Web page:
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Development of conservation and climate adaptation strategies for wetlands in the Great Plains LCC region

Investigators:
Dr. Gene Albanese, Post-Doctoral Research Associate

Project Supervisors:
Dr. David Haukos
Dr. Susan Skagen

Collaborators:
Dr. Mindy Rice
Dr. David Hamilton

Funding:
U.S. Geological Survey

Location: Texas, New Mexico, Oklahoma, Kansas, and Colorado


Saline lakes (above) and playa wetlands are the primary wetland types of the High Plains.

Completion: September 2015

Status: Completed

Objectives:
(1) Conduct a network analysis of playa wetlands.
(2) Determine the effect of playa loss on delivery of ecosystem goods and services.

Progress and Results:
Playa wetlands are the primary habitat for numerous wetland-dependent species in the Southern Great Plains of North America. Plant and wildlife populations that inhabit these wetlands are reciprocally linked through the dispersal of individuals, propagules and ultimately genes among local populations. To develop and implement a framework using network models for conceptualizing, representing and analyzing potential biological flows among 48,981 spatially discrete playa wetlands in the Southern Great Plains. We examined changes in structural and functional connectivity patterns and assessed the relative importance of wetlands to maintaining these patterns by targeting wetlands for removal based on network centrality metrics weighted by estimates of habitat quality and probability of inundation. We identified several distinct, broad-scale sub networks and phase transitions among playa wetlands in the Southern Plains. In particular, for organisms that can disperse > 2 km a dense and expansive wetland sub network emerges in the Southern High Plains. This network was characterized by localized, densely connected wetland clusters at link distances (h) > 2 km but < 5 km and was most sensitive to changes in wetland availability (p) and configuration when h = 4 km, and p = Δ0.2 - 0.4. It transitioned to a single, large connected wetland system at broader spatial scales even when the proportion of inundated wetland was relatively low (p = 0.2). Our findings suggest that redundancy in broad and fine-scale connectivity patterns insulate this system from damage and facilitate system-wide connectivity among populations with different dispersal capacities..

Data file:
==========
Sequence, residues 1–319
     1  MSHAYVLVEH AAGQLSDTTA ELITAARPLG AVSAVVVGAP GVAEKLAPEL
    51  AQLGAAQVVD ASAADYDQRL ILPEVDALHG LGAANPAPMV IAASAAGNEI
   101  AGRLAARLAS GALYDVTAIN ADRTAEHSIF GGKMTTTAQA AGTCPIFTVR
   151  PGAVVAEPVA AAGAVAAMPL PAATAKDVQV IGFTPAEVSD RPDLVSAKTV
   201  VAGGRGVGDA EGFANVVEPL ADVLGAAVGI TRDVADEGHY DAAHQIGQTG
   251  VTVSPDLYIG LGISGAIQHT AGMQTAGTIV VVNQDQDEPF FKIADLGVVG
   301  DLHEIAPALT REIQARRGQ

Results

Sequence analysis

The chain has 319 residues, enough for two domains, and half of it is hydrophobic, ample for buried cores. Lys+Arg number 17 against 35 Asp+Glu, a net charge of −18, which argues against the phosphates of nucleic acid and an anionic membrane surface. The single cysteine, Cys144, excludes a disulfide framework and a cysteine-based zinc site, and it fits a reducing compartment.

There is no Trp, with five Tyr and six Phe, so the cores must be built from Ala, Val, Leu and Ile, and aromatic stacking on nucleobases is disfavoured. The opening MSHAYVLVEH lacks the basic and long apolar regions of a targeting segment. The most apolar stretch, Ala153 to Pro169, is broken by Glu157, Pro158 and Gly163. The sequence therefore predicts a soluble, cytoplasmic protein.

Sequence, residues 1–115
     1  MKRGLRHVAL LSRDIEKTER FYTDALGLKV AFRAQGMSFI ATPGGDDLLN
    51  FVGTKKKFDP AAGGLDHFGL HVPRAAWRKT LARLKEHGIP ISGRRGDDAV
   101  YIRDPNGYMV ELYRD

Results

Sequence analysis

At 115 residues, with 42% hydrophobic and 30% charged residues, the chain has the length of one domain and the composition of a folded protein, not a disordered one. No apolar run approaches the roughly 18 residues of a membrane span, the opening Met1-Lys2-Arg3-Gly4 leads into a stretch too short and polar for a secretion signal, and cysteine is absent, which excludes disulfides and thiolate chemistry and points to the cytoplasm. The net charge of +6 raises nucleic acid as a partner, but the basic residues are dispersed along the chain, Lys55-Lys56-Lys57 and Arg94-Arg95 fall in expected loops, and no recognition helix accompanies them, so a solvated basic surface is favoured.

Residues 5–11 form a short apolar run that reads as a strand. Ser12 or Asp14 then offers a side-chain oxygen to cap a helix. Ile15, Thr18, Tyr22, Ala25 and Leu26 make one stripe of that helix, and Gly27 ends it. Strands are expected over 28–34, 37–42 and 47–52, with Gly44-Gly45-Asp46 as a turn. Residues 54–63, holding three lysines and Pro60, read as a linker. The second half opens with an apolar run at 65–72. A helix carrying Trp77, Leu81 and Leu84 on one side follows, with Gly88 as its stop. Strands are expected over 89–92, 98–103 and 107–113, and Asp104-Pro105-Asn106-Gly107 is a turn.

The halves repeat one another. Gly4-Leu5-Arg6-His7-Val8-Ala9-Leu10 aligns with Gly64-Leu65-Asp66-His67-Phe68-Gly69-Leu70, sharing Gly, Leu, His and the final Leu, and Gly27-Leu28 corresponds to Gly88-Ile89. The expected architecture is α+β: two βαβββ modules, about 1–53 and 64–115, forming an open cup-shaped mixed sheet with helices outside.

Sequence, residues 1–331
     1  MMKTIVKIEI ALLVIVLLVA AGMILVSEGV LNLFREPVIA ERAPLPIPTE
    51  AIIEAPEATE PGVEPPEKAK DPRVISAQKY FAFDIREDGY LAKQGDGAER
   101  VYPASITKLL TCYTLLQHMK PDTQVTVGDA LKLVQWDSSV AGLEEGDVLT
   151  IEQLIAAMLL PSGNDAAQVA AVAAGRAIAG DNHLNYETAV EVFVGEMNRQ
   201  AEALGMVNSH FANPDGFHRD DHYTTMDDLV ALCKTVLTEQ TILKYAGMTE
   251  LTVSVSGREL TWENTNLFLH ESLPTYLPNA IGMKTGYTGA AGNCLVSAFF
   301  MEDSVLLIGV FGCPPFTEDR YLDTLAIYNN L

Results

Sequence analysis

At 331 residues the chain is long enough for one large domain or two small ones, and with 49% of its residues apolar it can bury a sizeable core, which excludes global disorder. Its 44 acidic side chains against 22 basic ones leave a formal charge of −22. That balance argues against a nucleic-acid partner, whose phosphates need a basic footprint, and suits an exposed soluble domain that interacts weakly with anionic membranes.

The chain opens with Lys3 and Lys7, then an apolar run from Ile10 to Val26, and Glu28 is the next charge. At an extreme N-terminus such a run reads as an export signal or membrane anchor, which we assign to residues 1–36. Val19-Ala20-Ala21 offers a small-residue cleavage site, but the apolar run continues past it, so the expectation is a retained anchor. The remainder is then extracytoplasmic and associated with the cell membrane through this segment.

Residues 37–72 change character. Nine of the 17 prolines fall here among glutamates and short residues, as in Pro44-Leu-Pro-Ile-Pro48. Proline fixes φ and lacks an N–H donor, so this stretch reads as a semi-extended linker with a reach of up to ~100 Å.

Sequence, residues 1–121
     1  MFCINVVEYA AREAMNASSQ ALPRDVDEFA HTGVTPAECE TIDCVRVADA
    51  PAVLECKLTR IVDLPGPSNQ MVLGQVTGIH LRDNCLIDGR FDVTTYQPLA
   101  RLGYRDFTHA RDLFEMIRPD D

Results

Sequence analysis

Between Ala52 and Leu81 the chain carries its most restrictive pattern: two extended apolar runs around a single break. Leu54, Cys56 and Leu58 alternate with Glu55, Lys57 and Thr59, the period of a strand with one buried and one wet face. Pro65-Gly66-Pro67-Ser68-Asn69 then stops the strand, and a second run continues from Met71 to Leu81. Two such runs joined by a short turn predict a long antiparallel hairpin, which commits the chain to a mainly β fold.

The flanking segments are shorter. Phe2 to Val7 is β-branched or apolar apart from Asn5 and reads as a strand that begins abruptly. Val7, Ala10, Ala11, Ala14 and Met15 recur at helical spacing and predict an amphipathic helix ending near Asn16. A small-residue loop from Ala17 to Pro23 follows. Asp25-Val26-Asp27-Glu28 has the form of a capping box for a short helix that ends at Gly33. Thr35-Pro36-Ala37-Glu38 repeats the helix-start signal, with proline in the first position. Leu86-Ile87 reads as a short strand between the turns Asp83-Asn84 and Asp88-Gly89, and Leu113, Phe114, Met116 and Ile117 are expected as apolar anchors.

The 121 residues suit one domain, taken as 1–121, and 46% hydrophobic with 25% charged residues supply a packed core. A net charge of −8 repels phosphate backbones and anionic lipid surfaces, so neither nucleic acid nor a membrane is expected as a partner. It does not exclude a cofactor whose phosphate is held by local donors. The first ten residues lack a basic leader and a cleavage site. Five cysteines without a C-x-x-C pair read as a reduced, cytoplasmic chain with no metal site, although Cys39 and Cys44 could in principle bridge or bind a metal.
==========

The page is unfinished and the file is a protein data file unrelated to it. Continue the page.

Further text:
Products:
Publications:

Albanese, G., and D. Haukos. 2017. Toward a theory of connectivity among depressional wetlands of the Great Plains: resiliency to natural and anthropogenic disturbance within a wetland network. In Press in E. Beever, S. Prange, and J. Franklin (editors). Disturbance Ecology and Biological Diversity: Context, Nature, and Scale. CRC Press/Taylor and Francis Group.

Albanese, G., and D.A. Haukos. 2016. A network model framework for prioritizing wetland conservation in the Great Plains. Landscape Ecology. 32:115-130.

Report:

Albanese, G. 2015. Development of conservation and climate adaptation strategies for wetlands in the Great Plains LCC region, Final Report. GP LCC, USFWS. 135pp.

Professional Presentations:

Haukos, D. A. and G. Albanese. 2017. Use of Network Analysis to Prioritize Conservation of Playa Wetlands Based on Landscape Connectivity. Midwest Fish and Wildlife Conference, Lincoln, NE.

Albanese, G., and D. Haukos. 2015. A framework for understanding connections within dense broad-scale habitat networks: prioritizing wetlands for conservation within a dynamic landscape. Annual meeting of the Society of Wetland Scientists, Providence, RI. (Invited speaker)

Haukos, D.A. and G. Albanese. 2014. Conservation of Playa Wetlands at the Appropriate Scale - Using Networks to Identify Critical Playas. Department of Natural Resources Management Seminar, Texas Tech University (Invited).